After students have had enough time to read and discuss the Lord’s counsel, invite a few students to explain what they learned in their discussions. As they respond, consider using some of the following questions and explanations to help them understand some of the Lord’s counsel:
What do you think it means to “cease from all your light speeches, … laughter, … and light-mindedness” (verse 121)? Why might refraining from doing these things in spiritual settings be helpful in our efforts to learn things that are sacred?
Explain that the meetings for the School of the Prophets were to be sacred. These instructions concerning laughter and lightness of speech meant that those participating in the School of the Prophets needed to be reverent in sacred settings. These meetings would eventually occur in the temple.
Notice the repetition of the word all in verse 122. How could a class be affected if all of the students participated in the lesson and tried to learn from each other?
How do you think sleeping “longer than is needful” affects our ability to learn or to feel the Spirit? In what ways do you think getting a proper amount of sleep and rising early can help us learn better?
How would you summarize the counsel about learning given in Doctrine and Covenants 88:118–126? (Students may identify a variety of principles. After they respond, write the following principle on the board: Doing righteous actions and ceasing unrighteous ones will help us to learn and be edified.)
Which of the behaviors mentioned in the verses could our seminary class either adopt or give up so we can better learn the gospel and be edified together?
Invite students to look back through Doctrine and Covenants 88:121–126 and ponder what counsel they need to adopt more fully in their lives. Encourage them to write down a goal to act on what they have learned.
Invite students to come to the board and list some settings where they study the gospel. (Answers might include the following: Sunday School, Young Women class or priesthood quorum, seminary, and home.) Ask students to consider if there are people in these settings whom they do not know very well or whom they struggle to get along with. Invite them to think about one of these people as they study Doctrine and Covenants 88:127–141. Ask them to ponder the following question:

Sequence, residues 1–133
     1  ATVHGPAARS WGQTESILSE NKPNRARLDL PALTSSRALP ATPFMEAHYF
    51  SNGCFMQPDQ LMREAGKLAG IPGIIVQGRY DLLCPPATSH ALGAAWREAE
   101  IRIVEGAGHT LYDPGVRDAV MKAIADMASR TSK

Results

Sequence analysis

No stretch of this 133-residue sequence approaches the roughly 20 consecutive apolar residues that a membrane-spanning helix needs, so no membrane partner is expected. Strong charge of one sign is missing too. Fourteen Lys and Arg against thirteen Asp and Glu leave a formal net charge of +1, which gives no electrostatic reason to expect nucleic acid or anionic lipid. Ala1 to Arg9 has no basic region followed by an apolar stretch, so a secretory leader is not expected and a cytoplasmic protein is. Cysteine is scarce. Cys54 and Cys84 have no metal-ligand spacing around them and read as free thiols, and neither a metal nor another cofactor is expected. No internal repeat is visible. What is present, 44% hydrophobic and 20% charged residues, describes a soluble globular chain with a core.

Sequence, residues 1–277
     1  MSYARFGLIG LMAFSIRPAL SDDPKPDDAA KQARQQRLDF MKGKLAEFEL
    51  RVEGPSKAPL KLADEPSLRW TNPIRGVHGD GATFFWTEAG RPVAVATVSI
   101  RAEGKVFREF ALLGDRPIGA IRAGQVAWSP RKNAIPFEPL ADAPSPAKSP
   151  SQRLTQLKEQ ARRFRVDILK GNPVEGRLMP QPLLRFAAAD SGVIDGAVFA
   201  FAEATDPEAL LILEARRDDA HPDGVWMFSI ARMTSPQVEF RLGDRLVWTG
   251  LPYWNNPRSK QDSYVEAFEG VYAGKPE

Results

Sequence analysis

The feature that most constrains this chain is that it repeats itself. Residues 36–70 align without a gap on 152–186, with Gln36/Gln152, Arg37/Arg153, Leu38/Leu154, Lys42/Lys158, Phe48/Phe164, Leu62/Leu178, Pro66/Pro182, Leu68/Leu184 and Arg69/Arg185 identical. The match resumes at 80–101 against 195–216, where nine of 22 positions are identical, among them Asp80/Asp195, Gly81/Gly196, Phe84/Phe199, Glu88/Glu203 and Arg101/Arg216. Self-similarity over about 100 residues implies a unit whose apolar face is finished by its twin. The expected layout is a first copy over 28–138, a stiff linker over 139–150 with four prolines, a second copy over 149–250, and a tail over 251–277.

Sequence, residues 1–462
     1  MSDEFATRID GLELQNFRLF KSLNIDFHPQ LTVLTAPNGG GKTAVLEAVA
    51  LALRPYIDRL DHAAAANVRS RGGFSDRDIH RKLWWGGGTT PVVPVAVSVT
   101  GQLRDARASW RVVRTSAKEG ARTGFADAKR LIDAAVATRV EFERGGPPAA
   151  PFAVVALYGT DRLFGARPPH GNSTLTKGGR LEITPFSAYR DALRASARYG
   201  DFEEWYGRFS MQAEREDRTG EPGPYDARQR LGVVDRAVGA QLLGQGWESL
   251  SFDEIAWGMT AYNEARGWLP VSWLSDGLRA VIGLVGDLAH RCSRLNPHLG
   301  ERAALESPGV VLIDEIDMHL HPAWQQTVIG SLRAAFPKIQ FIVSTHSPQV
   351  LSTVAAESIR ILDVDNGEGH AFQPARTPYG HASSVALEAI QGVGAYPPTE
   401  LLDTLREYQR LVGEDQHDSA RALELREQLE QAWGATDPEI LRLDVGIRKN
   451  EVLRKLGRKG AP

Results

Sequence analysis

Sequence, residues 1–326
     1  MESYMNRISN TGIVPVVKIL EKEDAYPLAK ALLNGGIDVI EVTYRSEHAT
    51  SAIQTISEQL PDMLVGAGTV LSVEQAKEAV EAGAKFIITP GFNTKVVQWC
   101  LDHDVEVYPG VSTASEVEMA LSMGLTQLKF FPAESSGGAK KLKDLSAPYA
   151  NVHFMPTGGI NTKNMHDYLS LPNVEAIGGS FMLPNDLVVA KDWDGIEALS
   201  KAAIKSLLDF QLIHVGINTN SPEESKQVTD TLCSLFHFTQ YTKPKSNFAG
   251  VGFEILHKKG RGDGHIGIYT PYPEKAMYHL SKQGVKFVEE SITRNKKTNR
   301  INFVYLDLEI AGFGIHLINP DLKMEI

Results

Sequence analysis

How does my relationship with those I learn the gospel with affect my ability to learn and be edified by the Spirit?
Explain that the Lord expected the members of the School of the Prophets to establish good relationships with each other as they learned together. Invite a few students to take turns reading from Doctrine and Covenants 88:128–134 aloud. Ask the class to follow along and look for the teacher’s role in establishing a spiritual learning environment in the School of the Prophets.
How was the teacher of the School of the Prophets to establish a spiritual learning environment? (You may want to explain that the teacher saluting the members of the class means that he greeted them as they entered. This was a specific greeting in the School of the Prophets.)
What do you notice about the salutation or greeting in verse 133?
Invite a student to read Doctrine and Covenants 88:135–137 aloud. Ask the class to follow along and look for the student’s role in establishing a good learning environment.
What kind of relationship were the members of the School of the Prophets to have with each other?
According to verse 137, what did the Lord promise if the members of the School of the Prophets would follow His instructions? (The school would become a sanctuary where the Spirit could edify them.)
What can happen in our Church classes or homes if we follow the Lord’s instruction in verses 128–137? (Students may identify a variety of principles, but you may want to emphasize the following: If we show friendship and love to each other, then we can invite the Spirit as we study the gospel together.)
Invite students to look again at the salutation in Doctrine and Covenants 88:133.
How do you think we can show “determination that is fixed, immovable, and unchangeable, to be [a] friend” to class or family members whom we may not know well or may struggle to love?
When have you experienced a gospel-learning environment where everyone was determined to be friends? (Consider sharing your own experience.)
Invite students to think about how they can develop a determination to love those they learn the gospel with. Encourage them to follow any promptings they have felt to show greater kindness and love toward classmates and family members. Testify that the Lord will help them as they strive to love others.